Sources inform ''Globes'' that a pending compromise between the Tel Aviv Municipality and the government proposes greatly increasing building rights in the city to 700-800% from 400% in exchange for a subway. The increased building rights will generate hundreds of millions in taxes for the government, which will offset the huge additional cost in building the light rail's Green Line as a subway.
The increased building rights will not necessary apply to the area along a 2.5-kilometer stretch of the Green Line's route between Carlebach Street and the northern end of Ibn Gvirol Street. The 24-kilometer Green Line will run from Rishon LeZion in the south to the Yarkon River in north Tel Aviv, and may later be extended to Herzliya. The line was originally planned as an above-ground light rail, which Tel Aviv Mayor Ron Huldai opposes.
The Tel Aviv Municipality said, "The lot in the Kirya area, along the Red Line, is also relevant to the initiative."
A source involved with the project told "Globes" that preliminary estimates suggest that the increased building rights will be sufficient to finance the NIS 1.5-2 billion cost of the Green Line. The line could result in the construction of 25,000-30,000 new apartments in the Large Lot in the Transyarkon area of north Tel Aviv.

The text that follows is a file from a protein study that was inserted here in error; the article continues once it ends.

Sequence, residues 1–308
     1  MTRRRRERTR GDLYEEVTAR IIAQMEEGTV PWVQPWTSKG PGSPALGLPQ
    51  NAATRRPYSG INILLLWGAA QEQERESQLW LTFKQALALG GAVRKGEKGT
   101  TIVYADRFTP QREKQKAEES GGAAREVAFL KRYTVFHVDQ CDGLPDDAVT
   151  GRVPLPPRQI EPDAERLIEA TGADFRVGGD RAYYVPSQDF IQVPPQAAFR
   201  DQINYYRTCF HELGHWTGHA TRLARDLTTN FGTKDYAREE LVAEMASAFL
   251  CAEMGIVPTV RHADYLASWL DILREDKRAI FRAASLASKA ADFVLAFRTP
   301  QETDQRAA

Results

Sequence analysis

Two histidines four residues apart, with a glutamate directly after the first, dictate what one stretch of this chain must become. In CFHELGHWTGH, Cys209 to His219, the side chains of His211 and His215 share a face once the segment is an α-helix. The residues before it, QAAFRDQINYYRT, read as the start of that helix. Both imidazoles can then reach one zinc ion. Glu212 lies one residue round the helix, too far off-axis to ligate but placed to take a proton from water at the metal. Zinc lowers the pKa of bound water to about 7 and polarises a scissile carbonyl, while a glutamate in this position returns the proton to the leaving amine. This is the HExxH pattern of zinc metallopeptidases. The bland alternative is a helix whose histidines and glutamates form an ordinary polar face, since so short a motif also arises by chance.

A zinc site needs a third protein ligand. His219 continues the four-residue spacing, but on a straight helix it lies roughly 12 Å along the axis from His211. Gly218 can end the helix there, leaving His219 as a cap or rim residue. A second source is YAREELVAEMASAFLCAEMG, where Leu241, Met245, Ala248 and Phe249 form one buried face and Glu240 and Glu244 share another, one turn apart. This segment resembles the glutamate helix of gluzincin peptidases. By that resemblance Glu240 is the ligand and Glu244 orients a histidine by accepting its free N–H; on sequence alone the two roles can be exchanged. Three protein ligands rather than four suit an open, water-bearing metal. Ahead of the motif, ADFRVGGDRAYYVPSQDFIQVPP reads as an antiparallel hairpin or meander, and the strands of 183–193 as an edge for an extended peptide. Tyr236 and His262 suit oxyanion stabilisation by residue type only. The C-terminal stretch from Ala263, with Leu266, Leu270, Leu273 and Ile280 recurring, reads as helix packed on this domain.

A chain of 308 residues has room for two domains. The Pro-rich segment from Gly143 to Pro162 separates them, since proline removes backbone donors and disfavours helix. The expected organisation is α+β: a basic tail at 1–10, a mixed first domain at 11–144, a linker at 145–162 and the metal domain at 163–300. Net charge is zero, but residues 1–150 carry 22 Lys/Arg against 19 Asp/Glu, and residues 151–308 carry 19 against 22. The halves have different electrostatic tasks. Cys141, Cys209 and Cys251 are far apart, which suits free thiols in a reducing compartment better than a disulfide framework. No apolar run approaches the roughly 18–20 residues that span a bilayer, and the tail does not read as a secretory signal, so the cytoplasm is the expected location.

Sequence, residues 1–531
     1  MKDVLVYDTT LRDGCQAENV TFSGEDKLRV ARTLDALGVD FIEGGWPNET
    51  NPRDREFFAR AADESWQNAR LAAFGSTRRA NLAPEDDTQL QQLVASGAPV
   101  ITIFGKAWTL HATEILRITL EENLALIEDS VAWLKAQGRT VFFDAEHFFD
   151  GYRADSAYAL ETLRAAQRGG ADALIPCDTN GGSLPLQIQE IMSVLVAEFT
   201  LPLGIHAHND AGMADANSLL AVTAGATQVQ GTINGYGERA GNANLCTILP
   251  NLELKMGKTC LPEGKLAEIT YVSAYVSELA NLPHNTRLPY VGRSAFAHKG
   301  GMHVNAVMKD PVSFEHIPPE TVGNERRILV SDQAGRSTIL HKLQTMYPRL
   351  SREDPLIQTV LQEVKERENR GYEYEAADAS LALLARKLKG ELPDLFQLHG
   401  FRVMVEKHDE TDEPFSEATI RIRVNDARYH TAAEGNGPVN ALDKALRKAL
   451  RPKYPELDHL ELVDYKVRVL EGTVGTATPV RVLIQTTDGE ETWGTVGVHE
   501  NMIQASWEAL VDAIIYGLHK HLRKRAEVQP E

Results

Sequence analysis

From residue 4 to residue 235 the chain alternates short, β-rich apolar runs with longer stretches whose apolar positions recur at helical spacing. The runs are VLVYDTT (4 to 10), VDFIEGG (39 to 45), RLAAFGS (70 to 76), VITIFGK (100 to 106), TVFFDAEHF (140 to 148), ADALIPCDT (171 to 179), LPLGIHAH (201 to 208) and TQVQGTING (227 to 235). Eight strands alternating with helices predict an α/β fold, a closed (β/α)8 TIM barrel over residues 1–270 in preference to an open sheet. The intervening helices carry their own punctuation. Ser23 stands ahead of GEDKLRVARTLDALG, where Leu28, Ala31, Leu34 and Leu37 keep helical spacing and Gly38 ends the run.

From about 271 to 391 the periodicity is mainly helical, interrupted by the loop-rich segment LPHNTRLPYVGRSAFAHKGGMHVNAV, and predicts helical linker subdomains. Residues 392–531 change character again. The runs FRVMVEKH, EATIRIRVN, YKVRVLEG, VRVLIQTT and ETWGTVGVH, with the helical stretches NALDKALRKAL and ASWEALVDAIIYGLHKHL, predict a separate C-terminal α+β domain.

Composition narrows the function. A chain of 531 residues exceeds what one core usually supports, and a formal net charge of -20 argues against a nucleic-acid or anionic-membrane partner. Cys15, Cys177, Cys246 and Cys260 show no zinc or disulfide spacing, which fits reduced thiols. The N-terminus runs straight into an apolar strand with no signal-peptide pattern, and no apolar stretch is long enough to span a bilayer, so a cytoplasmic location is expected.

The Tel Aviv Municipality and the Ministry of Finance already agree that the Green Line section between Levinski Street in South Tel Aviv and Carlebach Street would be underground, but they have disagreed for years about the stretch north of Carlebach Street. Officially, the ministry consents only to an above-ground line, and insists that the Tel Aviv Municipality finance the extra cost in full for an underground line. The municipality says that this is not possible.
In addition to the Dan Region Light Rail's Red and Green lines, a Purple Line is in the statutory stages, and four bus rapid transit (BRT) lines are planned.
The Tel Aviv Municipality said in response, "The municipality believes that it is very important to build the Green Line, at the same time as the Red Line, as a subway between Levinski Street and the Yarkon River. We believe that maximizing the building rights in the Kirya area can generate the financial sources needed. However, talks are only in the initial stages, and we hope that an agreement can be reached to build the Green Line as quickly as possible."
Published by Globes [online], Israel business news - www.globes-online.com - on October 10, 2011
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